Pension v dividends – the tricky business of profit extraction part-2
Being part of a truly independent financial Chartered National firm Fairstone Financial Management. Chase Financial Management has access to many valuable planning resource, and from all of the providers that we might deal with, such as this article below from Standard Life technical department, which clearly lays out the three main ways in which a business owner may extract the profits that they make from their businesses.
Tapered Annual Allowance
Many high earning business owners could see their annual allowance (AA) tapered down to just £10,000. However, by reducing what they take in salary or dividends and paying themselves a larger pension contribution instead could mean they retain their full £40,000 AA. This is because contributions of this type should not be viewed as salary sacrifice, and therefore will not count towards ‘threshold income’.
For example – Amy, 55, runs her own company and pays herself dividends of £150,000 for the 2017/18 tax year. She has no other income. She makes employer contributions of £20,000 into her SIPP.
The two tests which determine whether the AA is tapered are:
- Adjusted income – if this is more than £150,000 the AA is reduced by £1 for every £2 over the limit, subject to a minimum allowance of £10,000
- Threshold income – if this is less than £110,000, there will be no tapering and the full £40,000 allowance will be available.
Her ‘adjusted income‘ is £170,000 (income + employer pension contribution). As this is £20,000 above the £150,000 cap, it would normally cut her AA by £10,000 (to £30,000). This means any opportunity to increase her funding for this year, or in the future using carry forward from 2016/17, would be limited to £10,000.
However, if she cuts her dividends by just over £40,000 her ‘threshold income‘ (total income without employer contributions) would be below £110,000, preserving her full £40,000 allowance.
She could pay the corresponding amount (which would actually be £49,383 – more than the £40,000 dividend which is net of corporation tax) into her pension as an employer contribution using carry forward of unused AA from previous tax years. This would not affect her AA for 2017/18 because only employer contributions as part of new salary sacrifice arrangement are used to determine threshold income. A shareholder director making an employer pension contribution rather paying salary or dividend is not salary sacrifice.
As Amy is over 55, she has unrestricted access to the funds in her SIPP. If she made use of the new income flexibilities she would trigger the money purchase annual allowance (MPAA) cutting her future funding to £4,000 a year., with no opportunity to use carry forward. However, if she only touches her tax-free cash and takes no income she would retain her full AA.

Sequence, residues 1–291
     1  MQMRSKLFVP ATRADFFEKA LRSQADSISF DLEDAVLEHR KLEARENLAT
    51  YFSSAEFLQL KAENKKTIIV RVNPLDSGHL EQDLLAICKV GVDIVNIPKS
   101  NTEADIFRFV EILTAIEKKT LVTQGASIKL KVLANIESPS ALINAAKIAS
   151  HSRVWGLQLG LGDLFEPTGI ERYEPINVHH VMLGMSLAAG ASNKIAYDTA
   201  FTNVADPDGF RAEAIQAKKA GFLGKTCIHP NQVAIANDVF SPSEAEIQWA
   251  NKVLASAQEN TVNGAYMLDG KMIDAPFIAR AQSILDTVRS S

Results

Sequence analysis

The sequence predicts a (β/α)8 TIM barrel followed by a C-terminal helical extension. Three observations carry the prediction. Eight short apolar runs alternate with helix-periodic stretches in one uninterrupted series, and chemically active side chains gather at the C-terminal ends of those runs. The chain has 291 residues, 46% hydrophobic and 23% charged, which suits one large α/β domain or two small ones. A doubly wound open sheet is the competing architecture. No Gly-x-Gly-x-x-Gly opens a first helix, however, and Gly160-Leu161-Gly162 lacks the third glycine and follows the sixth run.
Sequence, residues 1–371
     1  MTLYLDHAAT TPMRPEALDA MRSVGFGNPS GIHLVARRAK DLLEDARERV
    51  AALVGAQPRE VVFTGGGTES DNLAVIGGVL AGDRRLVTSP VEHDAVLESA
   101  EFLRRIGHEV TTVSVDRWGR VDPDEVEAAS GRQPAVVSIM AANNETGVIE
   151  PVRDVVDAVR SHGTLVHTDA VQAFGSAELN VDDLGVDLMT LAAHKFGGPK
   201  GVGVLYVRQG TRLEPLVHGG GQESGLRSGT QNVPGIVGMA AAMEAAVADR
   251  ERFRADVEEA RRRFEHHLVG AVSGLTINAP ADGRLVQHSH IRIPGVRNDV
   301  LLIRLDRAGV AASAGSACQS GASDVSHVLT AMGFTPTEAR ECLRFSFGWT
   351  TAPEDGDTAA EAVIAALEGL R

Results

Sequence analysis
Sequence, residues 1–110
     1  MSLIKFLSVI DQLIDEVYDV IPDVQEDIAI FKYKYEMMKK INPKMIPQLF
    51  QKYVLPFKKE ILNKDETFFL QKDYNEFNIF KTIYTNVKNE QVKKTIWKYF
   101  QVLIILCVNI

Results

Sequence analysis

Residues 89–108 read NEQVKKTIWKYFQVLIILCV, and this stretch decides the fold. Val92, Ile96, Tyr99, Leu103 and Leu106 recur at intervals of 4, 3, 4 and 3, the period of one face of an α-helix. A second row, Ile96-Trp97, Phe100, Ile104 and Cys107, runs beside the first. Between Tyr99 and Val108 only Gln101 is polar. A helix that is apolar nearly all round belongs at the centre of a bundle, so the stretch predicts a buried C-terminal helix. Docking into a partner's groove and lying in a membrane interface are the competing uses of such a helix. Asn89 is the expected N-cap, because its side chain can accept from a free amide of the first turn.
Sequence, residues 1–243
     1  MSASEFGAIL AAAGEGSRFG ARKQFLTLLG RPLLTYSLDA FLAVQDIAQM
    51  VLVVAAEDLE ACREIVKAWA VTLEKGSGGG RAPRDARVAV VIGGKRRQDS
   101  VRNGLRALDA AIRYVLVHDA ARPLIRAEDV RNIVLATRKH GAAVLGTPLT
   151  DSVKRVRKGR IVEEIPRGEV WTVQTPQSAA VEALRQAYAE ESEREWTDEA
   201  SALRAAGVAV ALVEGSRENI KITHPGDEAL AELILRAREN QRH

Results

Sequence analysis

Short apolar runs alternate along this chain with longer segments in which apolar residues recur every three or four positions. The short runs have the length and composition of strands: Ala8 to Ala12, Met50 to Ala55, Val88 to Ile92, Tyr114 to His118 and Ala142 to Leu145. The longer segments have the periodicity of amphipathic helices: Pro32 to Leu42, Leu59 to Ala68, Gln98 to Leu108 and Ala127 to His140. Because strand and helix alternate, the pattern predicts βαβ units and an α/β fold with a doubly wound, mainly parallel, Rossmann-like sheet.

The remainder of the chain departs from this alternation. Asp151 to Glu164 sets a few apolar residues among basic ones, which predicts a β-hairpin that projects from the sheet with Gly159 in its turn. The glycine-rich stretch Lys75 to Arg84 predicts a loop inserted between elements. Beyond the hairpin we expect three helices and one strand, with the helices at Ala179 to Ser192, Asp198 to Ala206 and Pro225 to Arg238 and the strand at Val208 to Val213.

With the tax year end approaching, there are several reasons why your clients may benefit from making an employer pension contribution now:
- Avoid AA taper – to ensure that this year’s annual allowance is not tapered. Remember bonus and dividends count towards the £110,000 threshold income, but employer contributions normally don’t.
- Use full pension allowance – to use up any unused annual allowance from 2014/15 which would otherwise be lost.
- Deliver more tax efficient income – so that profits which may otherwise be taken as bonus or dividend do not boost income to the point where the personal allowance is lost, or child benefit taxed.
- Get in shape for retirement – to maximise tax efficient funding if they shortly plan to reduce working hours pre-retirement and start to draw pension income, at which point any future funding will be restricted to the money purchase annual allowance of £4,000 and unused carry forward allowances lost
In addition to this, there will be many companies with a financial year in line with the tax year e.g. where the company business year ends on 31st March. These companies will not be able to confirm any final dividend until after this date. If these dividends are subsequently paid in 2018/19, they may use up next year’s lower dividend allowance before the new company year has even started.
The content of this document should not be deemed to constitute the provision of financial, investment or other profession advice in any way.
The value of investments and the income from them can go down as well as up and investors may not recover the amount of their original investment. Past performance is not a guide to future performance.
Fairstone Financial Management Limited does not offer tax advice; the tax treatment of investments depends on each investor’s individual circumstances and is subject to changes in tax legislation.
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